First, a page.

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Am J Transplant. 2016 Jan;16 Suppl 2:99-114. doi: 10.1111/ajt.13669.


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Department of Pediatrics, University of Washington, Seattle, WA.
Scientific Registry of Transplant Recipients, Minneapolis Medical Research Foundation, Minneapolis, MN.
Liver and Intestine Transplantation Program, Seattle Children's Hospital, Seattle, WA.
Organ Procurement and Transplantation Network, Richmond, VA.
United Network for Organ Sharing, Richmond, VA.
Department of Epidemiology and Community Health, University of Minnesota, Minneapolis, MN.
Department of Medicine, Hennepin County Medical Center, University of Minnesota, Minneapolis, MN.


Intestine and intestine-liver transplant plays an important role in the treatment of intestinal failure, despite decreased morbidity associated with parenteral nutrition. In 2014, 210 new patients were added to the intestine transplant waiting list. Among prevalent patients on the list at the end of 2014, 65% were waiting for an intestine transplant and 35% were waiting for an intestine-liver transplant. The pretransplant mortality rate decreased dramatically over time for all age groups. Pretransplant mortality was highest for adult candidates, at 22.1 per 100 waitlist years compared with less than 3 per 100 waitlist years for pediatric candidates, and notably higher for candidates for intestine-liver transplant than for candidates for intestine transplant without a liver. Numbers of intestine transplants without a liver increased from a low of 51 in 2013 to 67 in 2014. Intestine-liver transplants increased from a low of 44 in 2012 to 72 in 2014. Short-gut syndrome (congenital and other) was the main cause of disease leading to both intestine and intestine-liver transplant. Graft survival improved over the past decade. Patient survival was lowest for adult intestine-liver recipients and highest for pediatric intestine recipients.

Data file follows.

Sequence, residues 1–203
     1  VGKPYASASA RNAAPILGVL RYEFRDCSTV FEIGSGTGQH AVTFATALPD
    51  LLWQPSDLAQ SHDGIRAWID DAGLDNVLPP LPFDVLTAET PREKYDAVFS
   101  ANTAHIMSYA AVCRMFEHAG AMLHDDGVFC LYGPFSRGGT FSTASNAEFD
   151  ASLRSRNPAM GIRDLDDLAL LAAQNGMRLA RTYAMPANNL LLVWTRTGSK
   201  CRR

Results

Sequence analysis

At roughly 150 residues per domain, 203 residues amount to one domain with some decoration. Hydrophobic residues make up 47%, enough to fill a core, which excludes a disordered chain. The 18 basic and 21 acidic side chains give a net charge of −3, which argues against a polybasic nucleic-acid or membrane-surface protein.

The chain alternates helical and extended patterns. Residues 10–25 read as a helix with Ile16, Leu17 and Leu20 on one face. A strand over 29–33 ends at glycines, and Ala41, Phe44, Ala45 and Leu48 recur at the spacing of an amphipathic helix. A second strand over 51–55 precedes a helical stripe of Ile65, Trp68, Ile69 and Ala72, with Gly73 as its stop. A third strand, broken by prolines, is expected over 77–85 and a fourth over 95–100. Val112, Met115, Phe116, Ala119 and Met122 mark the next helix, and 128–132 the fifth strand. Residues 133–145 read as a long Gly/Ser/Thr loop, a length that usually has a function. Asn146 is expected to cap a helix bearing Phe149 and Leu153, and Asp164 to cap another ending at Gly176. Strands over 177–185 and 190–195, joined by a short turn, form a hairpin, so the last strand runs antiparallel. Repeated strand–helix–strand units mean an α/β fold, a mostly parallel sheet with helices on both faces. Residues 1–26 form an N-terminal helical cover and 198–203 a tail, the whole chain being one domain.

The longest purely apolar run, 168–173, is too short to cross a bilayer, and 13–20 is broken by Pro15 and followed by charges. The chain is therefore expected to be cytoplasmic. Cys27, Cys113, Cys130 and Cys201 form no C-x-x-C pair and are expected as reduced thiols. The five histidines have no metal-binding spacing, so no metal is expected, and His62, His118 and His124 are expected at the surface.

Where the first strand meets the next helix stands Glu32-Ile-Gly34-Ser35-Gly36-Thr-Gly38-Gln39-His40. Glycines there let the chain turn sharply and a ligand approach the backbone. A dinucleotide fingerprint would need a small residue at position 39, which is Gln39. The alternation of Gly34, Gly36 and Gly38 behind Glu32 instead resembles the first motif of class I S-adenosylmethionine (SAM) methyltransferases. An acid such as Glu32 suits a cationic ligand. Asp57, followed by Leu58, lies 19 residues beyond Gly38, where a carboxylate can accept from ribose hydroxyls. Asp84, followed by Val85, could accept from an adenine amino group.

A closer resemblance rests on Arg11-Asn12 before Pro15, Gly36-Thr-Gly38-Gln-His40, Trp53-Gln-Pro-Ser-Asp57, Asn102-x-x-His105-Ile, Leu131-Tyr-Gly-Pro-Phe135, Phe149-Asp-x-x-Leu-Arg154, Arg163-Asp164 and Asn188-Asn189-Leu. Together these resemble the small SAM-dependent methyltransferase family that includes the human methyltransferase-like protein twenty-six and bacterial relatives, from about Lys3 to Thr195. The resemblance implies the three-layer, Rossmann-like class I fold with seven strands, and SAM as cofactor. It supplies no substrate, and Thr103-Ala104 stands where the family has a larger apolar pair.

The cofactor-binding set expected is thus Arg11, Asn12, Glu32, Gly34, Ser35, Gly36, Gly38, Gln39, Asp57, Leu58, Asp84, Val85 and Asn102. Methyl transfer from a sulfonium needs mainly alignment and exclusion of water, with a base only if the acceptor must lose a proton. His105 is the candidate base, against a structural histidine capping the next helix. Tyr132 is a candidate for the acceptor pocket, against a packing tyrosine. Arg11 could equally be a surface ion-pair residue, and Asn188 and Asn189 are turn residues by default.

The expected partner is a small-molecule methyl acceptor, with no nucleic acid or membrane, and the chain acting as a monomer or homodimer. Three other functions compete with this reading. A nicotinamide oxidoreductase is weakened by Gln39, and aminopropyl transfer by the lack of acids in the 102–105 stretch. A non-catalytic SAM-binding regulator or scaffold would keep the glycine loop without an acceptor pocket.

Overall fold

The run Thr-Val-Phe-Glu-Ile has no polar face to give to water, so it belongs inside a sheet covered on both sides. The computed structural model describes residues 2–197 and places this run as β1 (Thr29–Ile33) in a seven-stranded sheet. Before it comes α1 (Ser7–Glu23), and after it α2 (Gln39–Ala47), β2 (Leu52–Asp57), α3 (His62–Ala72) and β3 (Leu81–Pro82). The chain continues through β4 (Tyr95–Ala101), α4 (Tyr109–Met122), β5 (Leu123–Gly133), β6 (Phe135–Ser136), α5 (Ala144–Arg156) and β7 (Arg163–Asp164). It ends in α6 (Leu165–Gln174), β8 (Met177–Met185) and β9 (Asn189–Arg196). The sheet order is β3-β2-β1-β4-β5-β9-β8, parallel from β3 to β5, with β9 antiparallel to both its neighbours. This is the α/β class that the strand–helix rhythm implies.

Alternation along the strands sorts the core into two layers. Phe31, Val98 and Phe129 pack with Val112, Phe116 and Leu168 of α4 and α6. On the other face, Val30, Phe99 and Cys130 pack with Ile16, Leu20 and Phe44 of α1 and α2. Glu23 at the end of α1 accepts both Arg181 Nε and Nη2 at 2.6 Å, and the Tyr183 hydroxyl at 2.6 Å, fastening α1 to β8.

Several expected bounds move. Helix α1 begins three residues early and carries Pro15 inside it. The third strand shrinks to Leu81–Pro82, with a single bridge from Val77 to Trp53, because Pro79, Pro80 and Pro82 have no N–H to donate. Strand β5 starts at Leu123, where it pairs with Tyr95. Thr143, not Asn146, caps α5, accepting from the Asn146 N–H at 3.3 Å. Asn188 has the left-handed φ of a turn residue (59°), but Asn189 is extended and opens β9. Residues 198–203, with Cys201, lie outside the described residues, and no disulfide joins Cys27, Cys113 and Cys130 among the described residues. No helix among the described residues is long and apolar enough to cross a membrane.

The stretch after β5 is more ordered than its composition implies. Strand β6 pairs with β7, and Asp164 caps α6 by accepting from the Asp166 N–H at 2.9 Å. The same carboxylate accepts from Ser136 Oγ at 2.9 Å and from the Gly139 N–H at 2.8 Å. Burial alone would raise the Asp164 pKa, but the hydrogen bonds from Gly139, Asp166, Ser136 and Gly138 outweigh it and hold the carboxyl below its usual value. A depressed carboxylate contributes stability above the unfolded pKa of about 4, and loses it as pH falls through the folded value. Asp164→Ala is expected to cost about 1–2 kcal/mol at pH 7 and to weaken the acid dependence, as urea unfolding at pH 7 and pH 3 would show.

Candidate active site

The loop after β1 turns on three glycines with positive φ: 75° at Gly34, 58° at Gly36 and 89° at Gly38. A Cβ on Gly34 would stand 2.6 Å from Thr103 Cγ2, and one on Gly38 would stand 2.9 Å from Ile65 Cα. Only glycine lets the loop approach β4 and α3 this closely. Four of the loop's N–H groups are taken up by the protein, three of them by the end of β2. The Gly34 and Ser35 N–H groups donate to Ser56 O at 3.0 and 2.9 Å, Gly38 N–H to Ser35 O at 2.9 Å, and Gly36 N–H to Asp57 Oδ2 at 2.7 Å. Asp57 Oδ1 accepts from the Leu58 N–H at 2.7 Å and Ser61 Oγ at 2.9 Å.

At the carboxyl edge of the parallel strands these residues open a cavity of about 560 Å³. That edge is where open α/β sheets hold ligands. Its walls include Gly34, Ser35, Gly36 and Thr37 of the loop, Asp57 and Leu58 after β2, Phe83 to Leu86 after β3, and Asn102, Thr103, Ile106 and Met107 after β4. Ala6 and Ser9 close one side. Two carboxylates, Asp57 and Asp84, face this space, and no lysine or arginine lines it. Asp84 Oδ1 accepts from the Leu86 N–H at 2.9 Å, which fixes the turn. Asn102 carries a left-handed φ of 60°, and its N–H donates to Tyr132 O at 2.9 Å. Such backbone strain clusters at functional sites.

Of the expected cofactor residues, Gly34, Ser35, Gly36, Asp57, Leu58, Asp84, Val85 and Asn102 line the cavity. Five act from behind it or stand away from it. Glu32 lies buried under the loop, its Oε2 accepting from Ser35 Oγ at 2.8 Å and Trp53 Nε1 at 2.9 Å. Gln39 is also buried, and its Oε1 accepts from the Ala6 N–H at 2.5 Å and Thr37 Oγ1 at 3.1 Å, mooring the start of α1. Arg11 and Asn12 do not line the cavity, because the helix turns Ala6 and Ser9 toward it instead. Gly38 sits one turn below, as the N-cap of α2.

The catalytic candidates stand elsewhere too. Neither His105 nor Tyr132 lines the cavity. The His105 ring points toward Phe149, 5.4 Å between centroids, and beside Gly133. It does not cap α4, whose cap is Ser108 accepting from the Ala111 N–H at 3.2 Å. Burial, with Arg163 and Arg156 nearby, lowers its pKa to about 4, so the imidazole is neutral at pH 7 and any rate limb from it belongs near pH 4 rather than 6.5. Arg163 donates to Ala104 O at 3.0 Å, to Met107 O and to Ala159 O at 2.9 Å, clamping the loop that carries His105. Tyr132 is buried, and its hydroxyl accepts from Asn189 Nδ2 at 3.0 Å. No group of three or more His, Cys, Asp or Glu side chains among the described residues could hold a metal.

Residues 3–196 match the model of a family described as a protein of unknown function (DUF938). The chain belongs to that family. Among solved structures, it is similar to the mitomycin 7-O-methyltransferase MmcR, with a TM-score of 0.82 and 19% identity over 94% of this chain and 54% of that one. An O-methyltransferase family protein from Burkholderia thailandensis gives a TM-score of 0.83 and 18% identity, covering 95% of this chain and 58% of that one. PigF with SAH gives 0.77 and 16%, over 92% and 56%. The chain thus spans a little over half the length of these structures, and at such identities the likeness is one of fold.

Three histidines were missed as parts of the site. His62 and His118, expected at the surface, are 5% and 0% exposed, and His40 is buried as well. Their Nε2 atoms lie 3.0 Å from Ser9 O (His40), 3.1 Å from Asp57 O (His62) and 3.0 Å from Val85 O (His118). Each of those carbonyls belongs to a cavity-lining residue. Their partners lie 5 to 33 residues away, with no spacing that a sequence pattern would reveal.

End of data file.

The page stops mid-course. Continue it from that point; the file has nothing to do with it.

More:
Intestinal failure; intestine transplant; intestine-liver transplant; waiting list

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